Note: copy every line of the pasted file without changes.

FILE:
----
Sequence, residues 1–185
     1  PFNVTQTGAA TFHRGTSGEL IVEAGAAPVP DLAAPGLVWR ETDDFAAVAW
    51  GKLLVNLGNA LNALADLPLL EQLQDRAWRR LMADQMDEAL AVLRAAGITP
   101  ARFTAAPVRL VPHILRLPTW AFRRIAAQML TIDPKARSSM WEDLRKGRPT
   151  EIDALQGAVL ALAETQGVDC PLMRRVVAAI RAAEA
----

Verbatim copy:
Sequence, residues 1–185
     1  PFNVTQTGAA TFHRGTSGEL IVEAGAAPVP DLAAPGLVWR ETDDFAAVAW
    51  GKLLVNLGNA LNALADLPLL EQLQDRAWRR LMADQMDEAL AVLRAAGITP
   101  ARFTAAPVRL VPHILRLPTW AFRRIAAQML TIDPKARSSM WEDLRKGRPT
   151  EIDALQGAVL ALAETQGVDC PLMRRVVAAI RAAEA